Wednesday, August 20, 2014

What is Shaken Baby Syndrome?

Shaken Baby Syndrome occurs when a child or a young baby shaken vigorously and sometimes repetitive (again and again), with or without head hit something. The effects can be very serious and can cause lifelong injuries or death. 

Shaken baby syndrome is a form of abusive head injuries, which can lead to: 

Damage to the brain of a child. 
Permanent disabilities such as blindness or paralysis. 

Children under 1 year of age most at risk because they cry more often, but older children can also suffer serious injury if shaken vigorously. No child at any age, should always be shaken. 

What can parents do to help calm a crying baby? 
The Canadian Paediatric Society has more information for parents about colic and crying. The following suggestions may be helpful. 

Check if the crying is a sign that your baby needs something specific, like a diaper change, feeding, relieving too hot or too cold, attention, or have a fever. 
Keep your baby. This is not to spoil. However, some babies do not like to be passed from person to person. 
Wrap or wrap your baby in a soft blanket. 
Turn off the lights and maintaining a peaceful environment. Cause excessive stimulation or worsen the crying. 
Soft music, white noise or noise silent smooth soothe some babies. 
Many babies are soothed by the movement. Trying to walk with the baby in a sling or a stroller. Rock or sway with the baby in a soft, rhythmic motion. Or try for a ride in a car. 
Suck sometimes helps babies to soothe and relax. You can do this by your baby nurses or offer a pacifier. 
Give your baby a warm bath. 

What if my baby cries? 
If your baby is crying, after making sure that there is no specific problem try to stay calm and be aware of how you feel. Are you angry? Do you feel frustrated? Are you angry? Take a moment to relax. 

Here are some suggestions to help calm yourself: 
If you believe you can lose control, stop! Place your child safely in the crib, take a break and let your child's room during the time that you to feel calm. 
Breathe slowly and deeply. 
Take a shower. 
Talk to a friend, family member, neighbor or another person you trust, and get support. Ask someone you trust to take your baby for a while, so you take a longer break. 
If you ever feel you may hurt your baby, get help: a relative, a neighbor, local crisis line, your youth welfare office or the police. Check the first pages of the local telephone directory for emergency numbers in your area.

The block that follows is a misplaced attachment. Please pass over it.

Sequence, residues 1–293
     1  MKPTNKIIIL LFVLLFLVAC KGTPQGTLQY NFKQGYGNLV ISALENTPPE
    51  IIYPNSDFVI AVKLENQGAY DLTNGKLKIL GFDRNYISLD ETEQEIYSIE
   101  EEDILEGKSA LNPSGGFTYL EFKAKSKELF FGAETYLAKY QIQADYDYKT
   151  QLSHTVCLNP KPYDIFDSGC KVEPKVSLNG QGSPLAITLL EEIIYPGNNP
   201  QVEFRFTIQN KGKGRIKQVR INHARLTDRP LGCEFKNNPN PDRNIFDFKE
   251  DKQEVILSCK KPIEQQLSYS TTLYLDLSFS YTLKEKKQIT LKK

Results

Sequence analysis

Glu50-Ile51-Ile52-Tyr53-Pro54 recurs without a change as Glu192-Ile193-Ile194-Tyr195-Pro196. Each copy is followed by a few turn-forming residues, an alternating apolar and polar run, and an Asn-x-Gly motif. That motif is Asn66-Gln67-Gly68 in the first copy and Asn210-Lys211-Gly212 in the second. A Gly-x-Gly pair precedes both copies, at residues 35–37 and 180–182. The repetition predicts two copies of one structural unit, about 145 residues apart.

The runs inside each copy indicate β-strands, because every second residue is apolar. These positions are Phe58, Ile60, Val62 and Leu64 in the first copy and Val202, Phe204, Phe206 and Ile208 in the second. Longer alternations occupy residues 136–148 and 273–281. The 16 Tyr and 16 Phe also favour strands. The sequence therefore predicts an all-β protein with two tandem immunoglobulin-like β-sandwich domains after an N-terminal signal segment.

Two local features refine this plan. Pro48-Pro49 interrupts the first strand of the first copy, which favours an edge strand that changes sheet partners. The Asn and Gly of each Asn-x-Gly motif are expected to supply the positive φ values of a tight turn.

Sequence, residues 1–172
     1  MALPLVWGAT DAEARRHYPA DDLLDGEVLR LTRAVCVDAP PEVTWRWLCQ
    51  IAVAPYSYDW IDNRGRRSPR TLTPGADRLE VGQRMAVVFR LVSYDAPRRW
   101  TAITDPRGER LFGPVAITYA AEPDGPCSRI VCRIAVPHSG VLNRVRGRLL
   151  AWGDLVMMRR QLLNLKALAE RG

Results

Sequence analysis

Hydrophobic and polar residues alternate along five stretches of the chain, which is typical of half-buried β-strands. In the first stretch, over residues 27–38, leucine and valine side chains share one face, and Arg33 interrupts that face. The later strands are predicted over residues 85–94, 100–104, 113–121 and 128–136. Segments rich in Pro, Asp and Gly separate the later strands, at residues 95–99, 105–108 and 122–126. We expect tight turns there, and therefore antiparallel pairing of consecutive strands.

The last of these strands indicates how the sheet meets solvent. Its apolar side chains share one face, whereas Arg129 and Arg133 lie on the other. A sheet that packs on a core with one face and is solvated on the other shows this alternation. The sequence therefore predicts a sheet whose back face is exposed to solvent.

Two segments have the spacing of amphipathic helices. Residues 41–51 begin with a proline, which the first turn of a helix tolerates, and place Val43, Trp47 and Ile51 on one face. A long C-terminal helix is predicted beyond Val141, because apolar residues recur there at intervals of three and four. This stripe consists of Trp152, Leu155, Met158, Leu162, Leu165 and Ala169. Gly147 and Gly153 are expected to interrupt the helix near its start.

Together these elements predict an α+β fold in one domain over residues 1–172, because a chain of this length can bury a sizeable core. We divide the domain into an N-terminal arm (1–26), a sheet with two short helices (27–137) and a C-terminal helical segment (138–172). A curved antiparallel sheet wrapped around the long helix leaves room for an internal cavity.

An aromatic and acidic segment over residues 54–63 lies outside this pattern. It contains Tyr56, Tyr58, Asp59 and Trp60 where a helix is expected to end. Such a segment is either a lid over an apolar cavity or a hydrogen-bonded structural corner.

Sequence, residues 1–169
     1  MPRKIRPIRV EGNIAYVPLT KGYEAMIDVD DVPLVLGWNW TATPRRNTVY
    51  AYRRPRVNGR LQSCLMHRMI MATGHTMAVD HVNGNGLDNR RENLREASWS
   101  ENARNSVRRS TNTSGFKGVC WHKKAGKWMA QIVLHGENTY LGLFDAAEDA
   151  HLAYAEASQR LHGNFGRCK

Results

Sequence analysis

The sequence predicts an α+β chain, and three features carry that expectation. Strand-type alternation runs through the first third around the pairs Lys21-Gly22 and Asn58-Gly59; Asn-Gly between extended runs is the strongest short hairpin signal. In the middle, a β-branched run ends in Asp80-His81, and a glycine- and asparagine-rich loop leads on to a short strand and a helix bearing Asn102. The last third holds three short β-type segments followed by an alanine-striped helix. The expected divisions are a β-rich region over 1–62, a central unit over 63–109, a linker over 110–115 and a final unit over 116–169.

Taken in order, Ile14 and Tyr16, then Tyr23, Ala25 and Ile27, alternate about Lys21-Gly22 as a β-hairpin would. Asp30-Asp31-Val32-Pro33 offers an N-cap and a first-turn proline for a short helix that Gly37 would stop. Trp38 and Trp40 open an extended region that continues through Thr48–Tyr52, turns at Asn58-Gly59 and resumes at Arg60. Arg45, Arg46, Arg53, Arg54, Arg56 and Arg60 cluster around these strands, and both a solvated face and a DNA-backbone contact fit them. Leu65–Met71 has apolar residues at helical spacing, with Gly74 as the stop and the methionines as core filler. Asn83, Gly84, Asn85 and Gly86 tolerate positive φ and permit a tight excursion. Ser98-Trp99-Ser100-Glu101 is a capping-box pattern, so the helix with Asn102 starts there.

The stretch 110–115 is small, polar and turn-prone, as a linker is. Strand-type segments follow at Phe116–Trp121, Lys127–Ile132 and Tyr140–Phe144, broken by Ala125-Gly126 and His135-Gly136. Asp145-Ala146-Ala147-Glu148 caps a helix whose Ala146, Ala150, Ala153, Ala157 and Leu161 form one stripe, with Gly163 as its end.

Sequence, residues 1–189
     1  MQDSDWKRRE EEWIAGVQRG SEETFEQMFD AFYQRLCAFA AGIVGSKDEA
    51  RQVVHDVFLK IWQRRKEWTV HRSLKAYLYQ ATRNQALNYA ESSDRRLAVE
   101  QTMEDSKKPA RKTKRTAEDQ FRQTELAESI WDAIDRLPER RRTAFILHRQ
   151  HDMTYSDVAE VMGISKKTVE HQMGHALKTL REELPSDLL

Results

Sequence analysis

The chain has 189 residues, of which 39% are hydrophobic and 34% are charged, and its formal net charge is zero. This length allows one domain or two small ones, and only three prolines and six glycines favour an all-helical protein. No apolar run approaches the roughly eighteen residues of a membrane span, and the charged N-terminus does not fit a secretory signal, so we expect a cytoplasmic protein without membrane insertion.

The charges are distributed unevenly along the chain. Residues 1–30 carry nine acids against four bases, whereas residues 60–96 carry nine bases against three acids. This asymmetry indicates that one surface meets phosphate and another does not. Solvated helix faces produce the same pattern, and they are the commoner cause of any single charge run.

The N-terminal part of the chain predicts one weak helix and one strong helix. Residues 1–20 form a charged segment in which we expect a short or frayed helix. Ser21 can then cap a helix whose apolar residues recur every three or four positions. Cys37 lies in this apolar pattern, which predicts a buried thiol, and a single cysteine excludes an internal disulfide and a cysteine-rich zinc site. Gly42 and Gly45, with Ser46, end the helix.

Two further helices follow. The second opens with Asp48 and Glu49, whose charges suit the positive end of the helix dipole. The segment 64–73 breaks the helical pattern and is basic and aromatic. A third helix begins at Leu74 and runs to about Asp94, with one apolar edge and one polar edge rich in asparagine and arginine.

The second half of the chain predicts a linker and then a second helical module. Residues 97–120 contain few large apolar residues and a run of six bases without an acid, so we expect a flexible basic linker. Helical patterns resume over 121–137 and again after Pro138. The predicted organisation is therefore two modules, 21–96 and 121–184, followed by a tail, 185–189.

It is a good idea to have a plan in place before you get frustrated or angry. Keep a list of useful numbers by hand and are clearly visible to all caregivers. 
What signs may indicate that a baby has shaken? 

Often there are no marks or bruises on the baby's skin. Common symptoms are: 

Unusual sleepiness or extreme irritability. 
The refusal to eat for no apparent reason, loss of appetite or vomiting. 
The baby does not smile, eye contact, or babbling. 
Rigid body, or seizures (arms and legs become stiff or move in a repetitive unevenly). 
Baby's body is limp. 
Breathing, or when a change in the respiratory pattern. 
The baby's eyes are turned or distracted. 

What should you do if you think your baby has shaken? 
Call 911, ask your doctor or go to an emergency room immediately. 

You're not shake first aid! 

If your baby is not breathing, shook it will not help. The only way to help is to breathe a baby's word of mouth breathing (with proper technique for young children). Call 911 and begin artificial respiration. Many community organizations, such as St. John Ambulance or the Red Cross offer courses little or no cost for these first aid skills. 

Where can parents find help and support? 
One Parent or caregiver is not always easy. Constant of a crying baby can be stressful and you feel frustrated. You are probably not getting much time to meet the needs of your baby throughout the day. 

Try to organize relief for regular child care, so that you can get some rest. Find a friend, family member or other trusted person that can take care of your baby at a time, while taking a break. If people offer trust, accept. Know your caregiver. Let your child with someone you do not trust, someone who has strong reactions, or someone who is not comfortable with babies. 

Remember, no matter how bad you feel, do not shake your baby. 

If you have questions, talk to your pediatrician, family doctor or public health nurse, and find local community resources to support the parents. 

If you think you may be struggling with depression, or someone with a new baby to know, talk to your doctor. The CPS also has information about depression in mothers and how they affect children. 

Not hurt a baby in a moment of frustration. The effects can last a lifetime.